TPM Cafe: Opinion

In an era when our wars seem too often fought far away, literally and figuratively, from the majority of Americans’ lives, Memorial Day serves a vital purpose: providing cultural space for those who have lost loved ones in war. It offers us images and commemorations of fallen soldiers—a communal chance to remember and honor the lost.

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In a speech delivered to the Coast Guard Academy on Wednesday, President Obama displayed a dramatic shift in rhetoric on an issue he has defined as one of the biggest of our era: climate change. Recognizing that many Americans remain skeptical of the environmental impacts of global warming, he instead argued for action on the grounds of national security.

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Recently released records show that Cleveland Police would have wanted to charge 12-year-old Tamir Rice with inducing panic and being an “aggravated menace.” He was shot and killed by an officer in less than two seconds while playing in the park with a toy gun. This development is juxtaposed with the news that a violent biker gang in Waco, Texas shot up a restaurant parking lot. Nine biker gang members were killed. Police arrested 170 gang members, and confiscated countless weapons. Apparently those 170 weren’t an aggravated menace worthy of immediate death.

Tamir Rice was an African American, while the biker gangs were not.

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On Tuesday, the Los Angeles City Council voted 14 to 1 to adopt a citywide minimum wage of $15 an hour by 2020. The next day, marching behind a giant banner that read, "McDonald's: $15 and Union Rights, Not Food Stamps," 5,000 cooks and cashiers show up at the company's corporate headquarters in Oak Brook, Illinois, to kick off the largest-ever protest to hit the burger giant's annual shareholder meeting.

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In recent weeks, the debate about holding colleges accountable has focused on schools’ responsibilities toward failing students, continuously rising tuition, and increasing student debt. What’s been overlooked is the role of colleges as a potential force for good within their more immediate communities. Indeed, one of the most profound ways a university can improve the holistic experience of its students is to invest more in the surrounding community.

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It would be a huge mistake for Democrats to dismiss the newfound economic populism of Republican presidential candidates as obviously laughable, given Republicans’ deep alliance with corporate America. Republicans are aiming to pull off a populist jiu jitsu, using anger at corporate influence over government to justify even more dismantling of government. It could work.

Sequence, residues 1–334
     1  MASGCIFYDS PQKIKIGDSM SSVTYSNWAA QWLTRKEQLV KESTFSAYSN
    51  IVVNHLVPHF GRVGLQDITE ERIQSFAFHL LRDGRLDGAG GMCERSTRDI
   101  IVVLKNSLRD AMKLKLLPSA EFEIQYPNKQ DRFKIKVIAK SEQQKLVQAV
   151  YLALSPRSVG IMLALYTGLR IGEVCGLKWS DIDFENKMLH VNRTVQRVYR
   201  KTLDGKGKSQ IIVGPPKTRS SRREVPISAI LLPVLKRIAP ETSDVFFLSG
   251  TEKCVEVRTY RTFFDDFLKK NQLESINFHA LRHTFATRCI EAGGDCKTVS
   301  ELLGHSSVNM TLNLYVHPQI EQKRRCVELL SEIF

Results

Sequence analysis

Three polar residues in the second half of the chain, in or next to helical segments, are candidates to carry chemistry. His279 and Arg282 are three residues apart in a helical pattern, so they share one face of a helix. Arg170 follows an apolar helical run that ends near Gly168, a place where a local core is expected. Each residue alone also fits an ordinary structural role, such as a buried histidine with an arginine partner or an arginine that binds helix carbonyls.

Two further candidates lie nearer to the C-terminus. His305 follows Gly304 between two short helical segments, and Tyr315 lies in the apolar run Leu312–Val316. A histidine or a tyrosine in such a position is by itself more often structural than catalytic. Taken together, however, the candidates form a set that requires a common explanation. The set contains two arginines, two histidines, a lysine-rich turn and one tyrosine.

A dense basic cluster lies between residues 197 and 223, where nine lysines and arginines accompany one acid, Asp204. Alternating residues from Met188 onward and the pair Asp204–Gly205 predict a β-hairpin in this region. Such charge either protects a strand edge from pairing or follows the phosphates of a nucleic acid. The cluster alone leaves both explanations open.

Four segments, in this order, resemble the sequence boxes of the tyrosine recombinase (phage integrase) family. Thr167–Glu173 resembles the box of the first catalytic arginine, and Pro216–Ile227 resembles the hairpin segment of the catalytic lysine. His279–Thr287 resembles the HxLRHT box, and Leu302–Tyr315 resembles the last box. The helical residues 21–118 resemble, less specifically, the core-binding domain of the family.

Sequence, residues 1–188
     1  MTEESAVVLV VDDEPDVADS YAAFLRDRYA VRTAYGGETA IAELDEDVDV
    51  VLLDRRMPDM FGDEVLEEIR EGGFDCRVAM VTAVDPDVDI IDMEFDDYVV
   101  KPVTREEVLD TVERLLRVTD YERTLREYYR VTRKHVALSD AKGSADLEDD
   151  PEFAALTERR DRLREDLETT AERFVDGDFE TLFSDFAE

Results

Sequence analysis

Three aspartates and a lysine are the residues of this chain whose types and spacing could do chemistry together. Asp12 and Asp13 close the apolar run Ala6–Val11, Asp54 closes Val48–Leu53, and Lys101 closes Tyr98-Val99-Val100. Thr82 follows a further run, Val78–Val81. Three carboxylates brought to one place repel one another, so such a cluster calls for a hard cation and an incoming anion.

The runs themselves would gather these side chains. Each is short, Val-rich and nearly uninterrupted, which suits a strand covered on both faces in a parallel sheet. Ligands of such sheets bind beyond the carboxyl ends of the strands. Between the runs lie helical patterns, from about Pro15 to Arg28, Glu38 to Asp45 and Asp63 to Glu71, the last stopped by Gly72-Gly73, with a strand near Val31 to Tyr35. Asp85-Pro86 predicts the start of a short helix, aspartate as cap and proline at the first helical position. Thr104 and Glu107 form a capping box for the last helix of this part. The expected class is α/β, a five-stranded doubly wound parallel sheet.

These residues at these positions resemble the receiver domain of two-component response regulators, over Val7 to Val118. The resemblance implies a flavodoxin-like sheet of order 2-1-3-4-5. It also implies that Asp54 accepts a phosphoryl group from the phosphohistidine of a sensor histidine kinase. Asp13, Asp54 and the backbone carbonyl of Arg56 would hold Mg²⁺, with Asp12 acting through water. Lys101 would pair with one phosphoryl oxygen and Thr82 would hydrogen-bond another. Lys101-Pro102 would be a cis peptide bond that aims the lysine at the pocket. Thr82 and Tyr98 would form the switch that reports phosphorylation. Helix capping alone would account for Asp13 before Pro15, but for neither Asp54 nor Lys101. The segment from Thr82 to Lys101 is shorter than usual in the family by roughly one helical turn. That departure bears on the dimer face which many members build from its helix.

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I met Cormac in France. I’m from Oklahoma and before him I had no ties to Ireland. Now I average about three yearly trips. Every January, after spending Christmas with his family, Cormac says we won’t go back for another year. But he knows he’s defying destiny. There are birthdays, family vacations, funerals, anniversaries and weddings. This summer we have another wedding—his cousin’s. She’s marrying a man so the referendum on gay marriage in Ireland this Friday won’t have an effect on their plans. But if the “no” side wins, I’m not sure how we’re going feel at the ceremony. I know it’s a selfish thought. The event isn’t about us. It’s their day, not ours.

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The size of the likely 2016 GOP presidential field has become the dominant story in the Invisible Primary so far. Comparisons to “clown cars” have become inevitable, even among people who don’t think of Republican presidential candidates as “clowns.” Party professionals are expressing serious concerns about fitting them—or even a portion of them—on a debate stage. And talk of that pundit’s hot fudge sundae, the Brokered Convention, has begun earlier than I can ever remember.

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All that waiting until your parents have given up on you is finally paying off, Millennials: New research from the Demographic Intelligence data-crunching firm suggests that, due to Millennials marrying later in life than their parents and grandparents, the marriage rate is going to hit an all-time low since anyone first started tracking the statistics. This is particularly surprising because Millennials are in the prime of their early adult years, when marriage rates are traditionally high. Since they are the biggest generation in the United States — bigger even than the Baby Boomers — it seems like the rate should be going up. But Demographic Intelligence projects that, by 2016, there will only be 6.7 weddings per 1,000 people, compared to 16.4 in 1946 or 10.8 in 1984.

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Want to contribute to TPM Cafe? Email ideas for your pieces to us at talk@talkingpointsmemo.com

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